Anthony Pryor, author of 1992's WGQ1 (Patriots of Ulek)—a module famous for its large amounts of boxed text—said of the use of boxed text that "I don't recall it being a hard-and-fast requirement, but since everyone else was doing it, we followed suit. It was an example of a good practice getting worn out by overuse and becoming a major tool in the 'railroad the players' arsenal."
 Back in 2005 two Wizards of the Coast employees conducted field research at GenCon about, amongst other things, the effects of boxed text on players forced to endure it. The article is worth reading, but the key point was this: "My hypothesis was that boxed text longer than a paragraph probably isn’t worth reading, because players tend to have pretty bad listening comprehension when it comes to boxed text. Their eyes glaze over pretty quickly. What I actually saw was much more dramatic than my hypothesis. If you’re the DM, you get two sentences. Period. Beyond that, your players are stacking dice, talking to each other, or staring off into space. Time after time, players were missing the actual data in the boxed text – basic stuff, like room dimensions, how many doors exit the room, and number of monsters."
 I'm not arguing that the old-school method is the one true way to play D&D, though it's the one I prefer. It's simply the focus of this article series. For those fine with more structured modules, X4 can provide a solid play experience, though you really need X5 (Temple of Death) for it to work, since it's not so much a sequel as the other (and better) half of the module.
 Not even Gary Gygax was immune to this sort of thing. 1982's S4 (The Lost Caverns of Tsojanth) has a hermit encounter with the advice that "You should place this encounter at a location that is most useful to the players. Place it near the caverns if they are not doing too well, at some distance if they are highly capable." There's also his last module for TSR, 1986's WG6 (Isle of the Ape), which has a full two pages of boxed text to open it.
 Swan's review of WG5 (Mordenkainen's Fantastic Adventure) in Space Gamer
#73 is a much deeper exploration of his thoughts on how tired old-school D&D had become for him, but his review is written with the sense that this feeling is a much wider one. "As roleplaying becomes more sophisticated, those early days of Dungeons & Dragons seem long ago indeed. The once-fascinating attraction of assuming the identity of a mighty warrior or magician purely to explore a creature-filled dungeon in search of treasure now seems hopelessly quaint to today's experienced roleplayer. I'd venture a guess that Gary Gygax's cheerful admission in the preface ... that 'this is what is generally termed a hack-and-slash' module will send many roleplayers running for the hills." In the same issue, Swan gave a glowing review of DL2 (Dragons of Despair), despite noting that it was "tightly scripted" and "not particularly flexible".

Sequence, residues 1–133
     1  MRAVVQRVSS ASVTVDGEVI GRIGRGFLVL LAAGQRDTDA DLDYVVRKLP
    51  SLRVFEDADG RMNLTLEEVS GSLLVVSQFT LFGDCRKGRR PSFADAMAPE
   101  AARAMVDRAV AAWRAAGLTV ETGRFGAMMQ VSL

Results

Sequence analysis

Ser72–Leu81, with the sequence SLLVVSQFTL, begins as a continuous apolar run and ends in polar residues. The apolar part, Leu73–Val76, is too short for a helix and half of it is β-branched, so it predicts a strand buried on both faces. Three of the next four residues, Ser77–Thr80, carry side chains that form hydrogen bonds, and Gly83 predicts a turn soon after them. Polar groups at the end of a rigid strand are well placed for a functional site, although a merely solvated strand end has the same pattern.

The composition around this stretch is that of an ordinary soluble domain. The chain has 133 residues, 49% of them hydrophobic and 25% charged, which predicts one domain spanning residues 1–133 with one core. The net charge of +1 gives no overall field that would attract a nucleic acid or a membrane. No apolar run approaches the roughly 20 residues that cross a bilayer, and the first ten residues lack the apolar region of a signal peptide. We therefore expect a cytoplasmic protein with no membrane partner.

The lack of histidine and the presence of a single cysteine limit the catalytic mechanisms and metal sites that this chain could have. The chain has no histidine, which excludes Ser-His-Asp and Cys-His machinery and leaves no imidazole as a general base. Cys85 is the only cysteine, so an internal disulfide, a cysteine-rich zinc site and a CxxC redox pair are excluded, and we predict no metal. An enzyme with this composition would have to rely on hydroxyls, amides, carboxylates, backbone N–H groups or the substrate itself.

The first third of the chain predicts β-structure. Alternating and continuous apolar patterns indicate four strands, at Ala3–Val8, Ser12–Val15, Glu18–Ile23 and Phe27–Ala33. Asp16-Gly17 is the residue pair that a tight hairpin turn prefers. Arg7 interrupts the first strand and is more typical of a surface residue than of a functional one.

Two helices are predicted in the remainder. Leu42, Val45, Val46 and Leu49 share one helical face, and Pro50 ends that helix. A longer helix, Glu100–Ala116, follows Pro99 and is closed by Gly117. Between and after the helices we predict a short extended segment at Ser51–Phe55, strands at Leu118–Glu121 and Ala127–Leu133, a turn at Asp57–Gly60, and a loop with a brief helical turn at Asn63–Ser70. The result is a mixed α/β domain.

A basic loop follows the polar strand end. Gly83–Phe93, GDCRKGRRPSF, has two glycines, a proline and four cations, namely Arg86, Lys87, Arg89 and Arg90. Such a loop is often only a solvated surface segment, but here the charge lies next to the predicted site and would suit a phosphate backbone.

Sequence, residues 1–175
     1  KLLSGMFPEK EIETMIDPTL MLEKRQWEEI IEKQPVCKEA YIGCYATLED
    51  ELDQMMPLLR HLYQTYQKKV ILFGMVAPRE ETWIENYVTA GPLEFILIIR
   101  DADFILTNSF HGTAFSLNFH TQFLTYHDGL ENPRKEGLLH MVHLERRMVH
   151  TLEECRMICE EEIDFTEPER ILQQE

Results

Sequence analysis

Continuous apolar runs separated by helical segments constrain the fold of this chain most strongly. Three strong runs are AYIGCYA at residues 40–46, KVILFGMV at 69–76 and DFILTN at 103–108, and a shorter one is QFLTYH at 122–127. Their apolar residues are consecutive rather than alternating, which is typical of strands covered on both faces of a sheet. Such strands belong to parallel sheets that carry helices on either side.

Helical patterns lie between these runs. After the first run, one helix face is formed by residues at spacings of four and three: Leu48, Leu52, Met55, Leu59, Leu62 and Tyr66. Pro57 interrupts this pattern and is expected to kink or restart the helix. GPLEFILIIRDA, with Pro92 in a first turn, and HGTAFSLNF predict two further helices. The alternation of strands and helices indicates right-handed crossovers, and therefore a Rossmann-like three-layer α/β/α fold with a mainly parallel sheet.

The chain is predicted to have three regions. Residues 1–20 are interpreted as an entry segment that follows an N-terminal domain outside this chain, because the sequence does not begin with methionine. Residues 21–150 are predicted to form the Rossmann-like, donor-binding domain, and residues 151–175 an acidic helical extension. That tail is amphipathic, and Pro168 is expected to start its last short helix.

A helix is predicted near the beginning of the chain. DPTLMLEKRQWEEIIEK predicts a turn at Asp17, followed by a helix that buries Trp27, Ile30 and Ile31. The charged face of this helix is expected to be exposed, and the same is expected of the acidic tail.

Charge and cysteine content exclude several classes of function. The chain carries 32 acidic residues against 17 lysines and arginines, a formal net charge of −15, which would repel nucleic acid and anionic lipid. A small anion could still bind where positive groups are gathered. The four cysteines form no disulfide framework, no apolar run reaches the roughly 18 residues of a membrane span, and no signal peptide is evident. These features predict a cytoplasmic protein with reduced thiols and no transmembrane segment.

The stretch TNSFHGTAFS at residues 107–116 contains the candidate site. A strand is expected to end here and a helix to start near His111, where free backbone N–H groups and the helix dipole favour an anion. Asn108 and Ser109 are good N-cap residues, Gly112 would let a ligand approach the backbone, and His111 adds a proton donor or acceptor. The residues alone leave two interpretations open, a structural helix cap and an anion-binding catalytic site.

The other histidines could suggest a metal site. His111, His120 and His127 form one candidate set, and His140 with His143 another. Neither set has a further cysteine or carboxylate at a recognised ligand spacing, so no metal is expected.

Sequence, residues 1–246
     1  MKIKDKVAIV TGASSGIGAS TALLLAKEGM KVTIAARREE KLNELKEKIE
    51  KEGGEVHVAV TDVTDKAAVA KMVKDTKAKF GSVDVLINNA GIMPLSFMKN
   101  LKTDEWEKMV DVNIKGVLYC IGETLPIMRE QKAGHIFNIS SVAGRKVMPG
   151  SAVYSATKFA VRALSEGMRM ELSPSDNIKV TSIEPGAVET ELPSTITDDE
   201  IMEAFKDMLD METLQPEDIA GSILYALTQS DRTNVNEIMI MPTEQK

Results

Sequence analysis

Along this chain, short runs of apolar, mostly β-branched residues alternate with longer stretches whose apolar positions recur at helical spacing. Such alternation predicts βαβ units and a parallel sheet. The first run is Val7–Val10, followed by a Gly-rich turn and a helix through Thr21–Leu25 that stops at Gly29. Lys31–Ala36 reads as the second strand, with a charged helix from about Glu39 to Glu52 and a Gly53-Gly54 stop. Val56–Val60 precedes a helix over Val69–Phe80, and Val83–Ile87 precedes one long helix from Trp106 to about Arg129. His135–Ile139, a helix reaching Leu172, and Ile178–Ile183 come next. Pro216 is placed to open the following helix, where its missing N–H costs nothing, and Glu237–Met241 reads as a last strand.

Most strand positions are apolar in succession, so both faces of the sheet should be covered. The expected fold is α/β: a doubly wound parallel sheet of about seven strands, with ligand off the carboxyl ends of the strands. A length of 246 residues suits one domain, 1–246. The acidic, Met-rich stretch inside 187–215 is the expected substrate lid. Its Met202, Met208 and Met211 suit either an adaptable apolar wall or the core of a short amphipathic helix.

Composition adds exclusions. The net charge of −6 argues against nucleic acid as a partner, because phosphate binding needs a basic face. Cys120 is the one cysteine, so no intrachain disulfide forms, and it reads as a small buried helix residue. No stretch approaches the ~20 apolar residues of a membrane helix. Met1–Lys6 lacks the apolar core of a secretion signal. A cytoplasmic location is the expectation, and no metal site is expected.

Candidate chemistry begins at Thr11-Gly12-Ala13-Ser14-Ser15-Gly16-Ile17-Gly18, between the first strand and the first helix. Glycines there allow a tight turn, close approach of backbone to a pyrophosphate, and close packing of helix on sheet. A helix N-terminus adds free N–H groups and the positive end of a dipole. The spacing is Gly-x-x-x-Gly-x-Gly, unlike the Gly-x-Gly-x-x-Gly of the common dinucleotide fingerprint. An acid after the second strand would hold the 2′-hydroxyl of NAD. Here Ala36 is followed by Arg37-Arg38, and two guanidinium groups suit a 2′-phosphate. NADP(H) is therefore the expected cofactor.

The author of the 2nd, 6th, 9th, and 14th volumes was Douglas Niles, the author of X3. Niles and Hickman also co-authored the 11th volume, which though given a DL module code like the rest was a wargame module for the series rather than a RPG supplement.
 Note the caveat: "paraphrase the following ... or intersperse it with questions from the PCs to avoid reading it in one long section." Future module writers would quickly drop this sort of warning, even as the amount of boxed text climbed even further.
 The close of 1st edition is a little difficult to make categorical statements of with regards to modules, as TSR was performing a lot of experiments at the time. The original short-adventure anthology and the Battlesystem / War Machine mass-combat module, both relatively short-lived things, flourished at this time. And then there was the DA (Dave Arneson) line, the DragonQuest crossover, Castle Greyhawk....